Interestingly, an early conception of the project was for a book of crow haiku (!) “twisting back from the mythic legacy of Hughes to include Bashō’s famous ‘crow’ haiku”.  Although John Barlow and Matthew Paul chose instead to emphasise ‘the real’, ‘to celebrate the commonplace, the local, the everyday’ and reflect ‘the geography, geology, history, and flora of the British landscape’, they clearly believe that the sensory moments they celebrate ‘refresh the human spirit’.  Stephen Moss, in his Foreword, talks about an underlying indefineable connection with wild creatures ‘the true meaning of which is perhaps known only to our hearts’, and writes that the poems help us reconnect in a deeper, more intense, way, -though ‘an element of mystery remains’.

The quotation (epigraph above) from Martin Lucas -who was a colleague and friend of the editors, and a keen birdwatcher- is taken from an essay in which he likened haiku to ‘a poetic spell’, in which words ‘chime’, ‘beat’, and ‘flow’, have power, and when spoken like a charm, cannot be forgotten.  This recalls Ted Hughes’s conception of poetic magic, though Hughes took the idea further, believing that sufficiently well crafted words could summon an animal, or spirit.  In suggesting that there were other kinds of poetic spell, however, Martin Lucas did leave open the question of what form these might take.

I like this book very much, but a critical voice in me found the lack of an author index frustrating, and would like to have seen more than a couple of passing references to the crisis affecting so many bird species.  The scale of the loss of many once common species is perhaps more evident now than it was in 2008? (See, for instance here).  I’m all in favour of celebrating the beauty of the living world.  It seems to me that many of these haiku have the attributes of Martin Lucas’s ‘magical utterances’, that they have been crafted from the numinosity of nature, and crucially for me, they foreground the agency of other-than-human protagonistsBut its now quite widely accpeted, not least in the burgeoning field of ecocriticism as well as amongst contemporary animists, that celebration needs to happen in a context that tells truths about both the impact of human cultures, especially those framed by global capitalism and late modernity, on other sentient species, and attends to the deathward facing/katabatic aspect of cosmic nature.  This is something that Ted Hughes, at his best, arguably achieved.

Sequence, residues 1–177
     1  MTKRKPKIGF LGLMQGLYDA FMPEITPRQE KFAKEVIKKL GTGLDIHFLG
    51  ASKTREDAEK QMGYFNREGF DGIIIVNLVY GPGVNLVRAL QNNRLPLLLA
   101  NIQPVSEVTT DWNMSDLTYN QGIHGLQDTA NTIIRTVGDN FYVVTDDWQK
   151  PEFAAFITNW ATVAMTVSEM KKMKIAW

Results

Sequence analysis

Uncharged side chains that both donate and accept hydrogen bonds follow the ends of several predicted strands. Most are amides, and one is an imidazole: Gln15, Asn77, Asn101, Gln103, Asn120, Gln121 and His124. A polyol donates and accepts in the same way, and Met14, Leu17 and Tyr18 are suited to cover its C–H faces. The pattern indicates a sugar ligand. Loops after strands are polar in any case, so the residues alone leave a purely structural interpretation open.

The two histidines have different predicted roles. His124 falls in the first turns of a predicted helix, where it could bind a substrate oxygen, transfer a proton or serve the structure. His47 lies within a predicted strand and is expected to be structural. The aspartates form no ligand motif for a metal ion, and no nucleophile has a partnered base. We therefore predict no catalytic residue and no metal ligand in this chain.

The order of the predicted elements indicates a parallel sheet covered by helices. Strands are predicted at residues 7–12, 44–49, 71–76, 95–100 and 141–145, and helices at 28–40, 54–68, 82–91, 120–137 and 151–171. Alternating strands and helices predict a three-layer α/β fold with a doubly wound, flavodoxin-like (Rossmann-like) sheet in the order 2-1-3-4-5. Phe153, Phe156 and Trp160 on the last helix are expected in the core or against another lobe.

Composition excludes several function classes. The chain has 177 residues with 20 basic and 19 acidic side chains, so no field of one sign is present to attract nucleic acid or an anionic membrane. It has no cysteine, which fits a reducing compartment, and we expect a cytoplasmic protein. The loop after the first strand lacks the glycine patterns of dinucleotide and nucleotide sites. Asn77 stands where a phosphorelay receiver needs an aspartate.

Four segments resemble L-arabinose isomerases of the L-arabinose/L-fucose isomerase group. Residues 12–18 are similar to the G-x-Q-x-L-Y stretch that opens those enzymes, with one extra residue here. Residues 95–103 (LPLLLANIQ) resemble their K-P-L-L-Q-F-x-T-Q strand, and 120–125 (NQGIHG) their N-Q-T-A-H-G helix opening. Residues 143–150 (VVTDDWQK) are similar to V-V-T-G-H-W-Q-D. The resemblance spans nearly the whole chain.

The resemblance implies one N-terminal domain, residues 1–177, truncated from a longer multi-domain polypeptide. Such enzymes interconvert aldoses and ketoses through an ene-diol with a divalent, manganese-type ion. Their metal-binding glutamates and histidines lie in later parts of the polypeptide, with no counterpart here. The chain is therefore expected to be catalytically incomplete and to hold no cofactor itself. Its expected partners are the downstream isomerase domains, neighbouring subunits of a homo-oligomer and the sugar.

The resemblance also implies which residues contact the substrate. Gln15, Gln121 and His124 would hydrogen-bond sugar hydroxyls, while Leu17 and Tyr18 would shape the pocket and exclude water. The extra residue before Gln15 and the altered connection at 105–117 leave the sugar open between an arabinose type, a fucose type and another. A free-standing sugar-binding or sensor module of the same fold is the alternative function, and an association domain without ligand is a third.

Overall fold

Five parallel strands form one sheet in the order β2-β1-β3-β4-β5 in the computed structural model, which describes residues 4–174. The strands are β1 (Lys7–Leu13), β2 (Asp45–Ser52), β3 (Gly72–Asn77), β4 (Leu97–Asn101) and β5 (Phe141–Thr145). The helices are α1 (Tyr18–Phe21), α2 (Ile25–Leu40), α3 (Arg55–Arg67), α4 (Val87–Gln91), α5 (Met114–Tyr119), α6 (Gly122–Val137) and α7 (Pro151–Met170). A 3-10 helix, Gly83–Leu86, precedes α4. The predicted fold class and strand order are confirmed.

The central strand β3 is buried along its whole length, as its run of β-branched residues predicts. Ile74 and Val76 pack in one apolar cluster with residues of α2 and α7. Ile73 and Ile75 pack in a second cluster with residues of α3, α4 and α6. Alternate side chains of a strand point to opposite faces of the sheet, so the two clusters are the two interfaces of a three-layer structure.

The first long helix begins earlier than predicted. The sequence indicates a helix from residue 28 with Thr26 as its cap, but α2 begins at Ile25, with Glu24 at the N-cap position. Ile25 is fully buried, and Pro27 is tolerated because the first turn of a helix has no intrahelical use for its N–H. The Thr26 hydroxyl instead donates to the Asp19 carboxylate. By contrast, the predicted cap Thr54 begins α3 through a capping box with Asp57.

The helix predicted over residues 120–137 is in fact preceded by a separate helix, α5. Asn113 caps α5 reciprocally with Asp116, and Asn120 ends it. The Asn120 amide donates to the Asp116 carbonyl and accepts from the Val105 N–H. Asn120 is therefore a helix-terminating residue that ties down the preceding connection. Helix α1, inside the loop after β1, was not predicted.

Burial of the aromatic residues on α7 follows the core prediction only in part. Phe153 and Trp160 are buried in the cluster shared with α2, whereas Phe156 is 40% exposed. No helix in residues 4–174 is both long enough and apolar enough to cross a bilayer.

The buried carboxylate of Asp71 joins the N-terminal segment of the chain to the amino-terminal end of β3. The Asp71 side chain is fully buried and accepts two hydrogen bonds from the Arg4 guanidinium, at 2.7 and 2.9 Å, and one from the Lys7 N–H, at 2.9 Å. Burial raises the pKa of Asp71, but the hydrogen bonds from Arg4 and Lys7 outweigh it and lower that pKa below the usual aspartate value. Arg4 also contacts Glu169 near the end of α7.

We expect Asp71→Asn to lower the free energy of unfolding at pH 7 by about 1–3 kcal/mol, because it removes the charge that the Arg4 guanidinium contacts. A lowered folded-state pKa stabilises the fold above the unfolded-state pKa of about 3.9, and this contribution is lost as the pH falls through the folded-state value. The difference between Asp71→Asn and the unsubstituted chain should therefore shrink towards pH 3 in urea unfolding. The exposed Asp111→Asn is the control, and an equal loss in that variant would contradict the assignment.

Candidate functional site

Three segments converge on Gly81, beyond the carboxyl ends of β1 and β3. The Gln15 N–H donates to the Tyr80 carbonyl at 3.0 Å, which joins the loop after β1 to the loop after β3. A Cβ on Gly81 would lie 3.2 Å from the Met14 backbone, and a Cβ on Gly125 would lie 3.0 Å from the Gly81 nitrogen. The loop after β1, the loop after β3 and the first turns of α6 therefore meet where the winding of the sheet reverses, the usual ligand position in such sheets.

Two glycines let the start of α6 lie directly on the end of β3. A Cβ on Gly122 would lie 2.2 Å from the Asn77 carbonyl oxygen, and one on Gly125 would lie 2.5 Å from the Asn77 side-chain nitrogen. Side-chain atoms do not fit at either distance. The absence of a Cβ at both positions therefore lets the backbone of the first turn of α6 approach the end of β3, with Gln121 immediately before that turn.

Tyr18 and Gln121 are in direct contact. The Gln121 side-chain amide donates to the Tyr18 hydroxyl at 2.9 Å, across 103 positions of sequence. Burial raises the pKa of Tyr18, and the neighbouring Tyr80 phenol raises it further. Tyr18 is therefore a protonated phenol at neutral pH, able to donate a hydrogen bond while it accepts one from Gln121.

I borrowed a copy of Wing Beats from my friend Jo Pacsoo, who has a haiku in the book (and several others here).  Elsewhere she has made effective use of the haibun form, in which haiku are embedded in similarly succinct and controlled prose, allowing personal and/or political context to be elaborated.

But enough from my inner critic.  I would wholeheartedly reccomend this anthology to anyone who knows, and cares about, British birds.  There is a lot to be said for the understated phenomenological precision of haiku as a way of responding to, and evoking, the depth and complexity of the living world.  Taken together, the poems in Wing Beats constitute a valuable repository of testimony to human appreciation of, and respect for, wild land and the multi species communities we are fast losing.  Amid an unceasing deluge of apocalytic news, there is, surely, a pressing need for practices and sites of quiet contemplation and celebration.

B.T. 26th of September 2016.

John Barlow and Matthew Paul, eds.Wing Beats, British Birds in Haiku, Snapshot Press (2008).

Sources:

Martin Lucas, Haiku as Poetic Spell, a paper delivered at the 4th Haiku Pacific Rim Conference in Terrigal, Australia, in 2009.

Jo Pacsoo, Chiaoscuro, and Earth, Time, Water, and Sky, both from Palores Publications, Redruth.

Spring

Rumworth Morris at Todmorden Folk Festival

Rumworth Morris at Todmorden Folk Festival

“Our hats are standard bowlers, painted white and decorated with flowers and jewellery. Six strands of navy blue ribbon, about three feet long, are attached to the hatband at the back – and can make a nuisance of themselves when we dance in strong winds, as they wrap themselves around arms, garlands and faces.

We wear white collarless shirts, with a gold sash that goes twice around the waist in the style of a cummerbund and is tied and pinned at the inside hip.